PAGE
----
Polio case in New York is just the ‘tip of the iceberg’, hundreds could be infected

Digitally generated image of polio virus 3D molecular model

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Hundreds of people could have polio after an adult in the New York metropolitan area caught the virus and suffered paralysis last month, the state’s top health official said this week.

New York State Health Commissioner Mary Bassett warned that the confirmed case of polio in an unvaccinated adult, associated with detection of the virus in sewage outside the largest city in the country, could indicate that a larger epidemic is underway.

“Based on past polio outbreaks, New Yorkers should know that for every case of paralytic polio observed, there may be hundreds more people infected,” Bassett said. “Coupled with the latest sewage findings, the department is treating the single polio case as the tip of the iceberg of a much larger potential spread.

Bassett said it is crucial that children are vaccinated before they are 2 months old, and all adults – including pregnant women – who have not received their shots should do so immediately.

“As we learn more, what we know is clear: the danger of polio is present in New York City today,” Bassett said.

New York state health officials confirmed last month that an unvaccinated adult in Rockland County had contracted polio and was hospitalized with paralysis. Health officials then found three positive samples for polio in sewage from Rockland County and four positive samples in sewage from adjacent Orange County.

Sewage samples that test positive for polio are genetically linked to the strain that the unvaccinated adult caught. The results do not indicate the person who caught polio was the source of transmission, but local spread may be underway, health officials said.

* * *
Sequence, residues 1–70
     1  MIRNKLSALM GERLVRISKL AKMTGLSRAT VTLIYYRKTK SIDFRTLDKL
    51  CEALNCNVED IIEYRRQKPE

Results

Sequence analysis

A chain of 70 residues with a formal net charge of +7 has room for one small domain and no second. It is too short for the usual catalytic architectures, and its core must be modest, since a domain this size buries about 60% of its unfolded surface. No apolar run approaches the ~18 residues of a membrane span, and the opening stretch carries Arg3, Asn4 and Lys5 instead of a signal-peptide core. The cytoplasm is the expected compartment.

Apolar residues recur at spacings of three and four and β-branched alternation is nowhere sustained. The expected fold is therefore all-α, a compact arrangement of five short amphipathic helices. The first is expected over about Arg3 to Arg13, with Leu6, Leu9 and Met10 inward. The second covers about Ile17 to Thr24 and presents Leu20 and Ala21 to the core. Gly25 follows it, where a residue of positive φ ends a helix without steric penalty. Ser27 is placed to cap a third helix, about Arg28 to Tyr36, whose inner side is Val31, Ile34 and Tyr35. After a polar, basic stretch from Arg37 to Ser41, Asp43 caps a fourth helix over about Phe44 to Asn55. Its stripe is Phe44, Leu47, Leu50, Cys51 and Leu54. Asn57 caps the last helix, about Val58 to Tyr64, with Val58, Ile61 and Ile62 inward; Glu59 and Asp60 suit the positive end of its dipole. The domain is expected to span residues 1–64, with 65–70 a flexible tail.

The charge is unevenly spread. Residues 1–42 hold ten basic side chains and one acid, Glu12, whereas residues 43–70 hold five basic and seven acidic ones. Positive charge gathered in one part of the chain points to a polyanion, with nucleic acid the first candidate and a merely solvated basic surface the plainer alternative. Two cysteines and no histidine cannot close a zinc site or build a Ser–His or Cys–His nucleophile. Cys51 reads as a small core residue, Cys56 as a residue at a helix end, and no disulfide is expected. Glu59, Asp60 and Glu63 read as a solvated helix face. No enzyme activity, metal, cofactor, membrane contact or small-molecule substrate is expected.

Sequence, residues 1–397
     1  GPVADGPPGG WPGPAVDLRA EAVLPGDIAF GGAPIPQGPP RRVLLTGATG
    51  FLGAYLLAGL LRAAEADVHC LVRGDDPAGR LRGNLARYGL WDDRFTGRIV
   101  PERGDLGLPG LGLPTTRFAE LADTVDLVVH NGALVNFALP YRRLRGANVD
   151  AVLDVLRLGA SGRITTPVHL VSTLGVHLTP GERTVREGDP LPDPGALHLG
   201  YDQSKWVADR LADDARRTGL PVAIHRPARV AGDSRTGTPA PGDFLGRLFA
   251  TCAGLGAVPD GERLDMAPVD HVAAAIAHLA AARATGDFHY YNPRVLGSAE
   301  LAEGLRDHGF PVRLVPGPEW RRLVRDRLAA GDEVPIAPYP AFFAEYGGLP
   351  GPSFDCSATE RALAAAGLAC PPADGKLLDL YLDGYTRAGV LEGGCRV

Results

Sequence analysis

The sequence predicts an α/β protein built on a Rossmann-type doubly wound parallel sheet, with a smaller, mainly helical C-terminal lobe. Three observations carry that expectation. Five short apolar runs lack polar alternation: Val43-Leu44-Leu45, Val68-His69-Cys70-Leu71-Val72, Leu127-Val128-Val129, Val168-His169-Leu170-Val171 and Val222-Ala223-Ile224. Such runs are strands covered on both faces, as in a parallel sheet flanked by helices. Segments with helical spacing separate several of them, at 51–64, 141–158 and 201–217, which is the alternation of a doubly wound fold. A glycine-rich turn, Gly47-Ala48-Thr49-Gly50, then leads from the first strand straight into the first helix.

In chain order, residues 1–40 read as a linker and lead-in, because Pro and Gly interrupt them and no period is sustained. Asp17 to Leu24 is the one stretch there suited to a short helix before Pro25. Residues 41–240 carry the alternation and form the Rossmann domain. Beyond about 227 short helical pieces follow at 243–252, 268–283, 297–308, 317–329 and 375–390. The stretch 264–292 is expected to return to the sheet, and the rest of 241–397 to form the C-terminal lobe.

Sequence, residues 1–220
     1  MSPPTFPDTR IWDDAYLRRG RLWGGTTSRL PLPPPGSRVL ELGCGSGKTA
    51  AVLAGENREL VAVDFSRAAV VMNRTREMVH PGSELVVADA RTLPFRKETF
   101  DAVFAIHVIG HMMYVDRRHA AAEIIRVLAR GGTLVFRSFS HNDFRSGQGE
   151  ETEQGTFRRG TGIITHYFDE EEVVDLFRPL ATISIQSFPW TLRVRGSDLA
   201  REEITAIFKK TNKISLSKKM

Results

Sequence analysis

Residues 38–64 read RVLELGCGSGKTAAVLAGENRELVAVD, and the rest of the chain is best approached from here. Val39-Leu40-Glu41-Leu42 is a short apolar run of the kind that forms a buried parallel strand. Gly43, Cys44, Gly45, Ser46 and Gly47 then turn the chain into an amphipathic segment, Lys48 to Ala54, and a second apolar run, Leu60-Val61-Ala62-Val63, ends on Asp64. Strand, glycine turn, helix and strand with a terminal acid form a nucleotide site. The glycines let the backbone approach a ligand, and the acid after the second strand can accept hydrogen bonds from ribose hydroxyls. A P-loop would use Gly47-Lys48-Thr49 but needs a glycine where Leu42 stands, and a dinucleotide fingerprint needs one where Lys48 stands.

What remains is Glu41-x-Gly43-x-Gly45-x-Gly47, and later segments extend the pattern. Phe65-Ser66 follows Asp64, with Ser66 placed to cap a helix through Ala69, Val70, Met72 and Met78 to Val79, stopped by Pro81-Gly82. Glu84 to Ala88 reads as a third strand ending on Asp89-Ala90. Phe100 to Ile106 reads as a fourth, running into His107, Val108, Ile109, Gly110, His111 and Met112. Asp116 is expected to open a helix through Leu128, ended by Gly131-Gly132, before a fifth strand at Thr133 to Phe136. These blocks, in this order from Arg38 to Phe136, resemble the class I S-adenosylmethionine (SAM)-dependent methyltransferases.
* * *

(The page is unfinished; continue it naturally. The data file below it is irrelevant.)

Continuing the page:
“These results provide further evidence of local – not international – transmission of a polio virus that can cause paralysis and potential community spread, underscoring the urgency for every adult and child in New York to get vaccinated,” the New York State Department of Health said.

Rockland County has a 60% polio vaccination rate, while Orange County has a 58% vaccination rate, according to health officials. The statewide polio vaccination rate is nearly 79%.

The United States was declared polio-free in 1979 and no cases have appeared in the country since then, but travelers have occasionally brought the virus into the United States, according to the Centers for Disease Control and Prevention. New York last confirmed a case of polio in 1990 and the United States previously confirmed a case in 2013, according to state health officials.

Children should receive four doses of polio vaccine. The first dose should be given at 2 months of age, the second dose at 4 months, the third at 18 months and the fourth at 6 years of age, according to state health officials. Unvaccinated adults should receive three doses.

Poliomyelitis is a highly infectious and devastating virus that can cause paralysis. The virus struck fear into the hearts of parents in the 1940s before vaccines were available. More than 35,000 people became paralyzed each year from poliomyelitis during this time. But a successful vaccination campaign in the 1950s and 1960s drastically reduced the number of cases.

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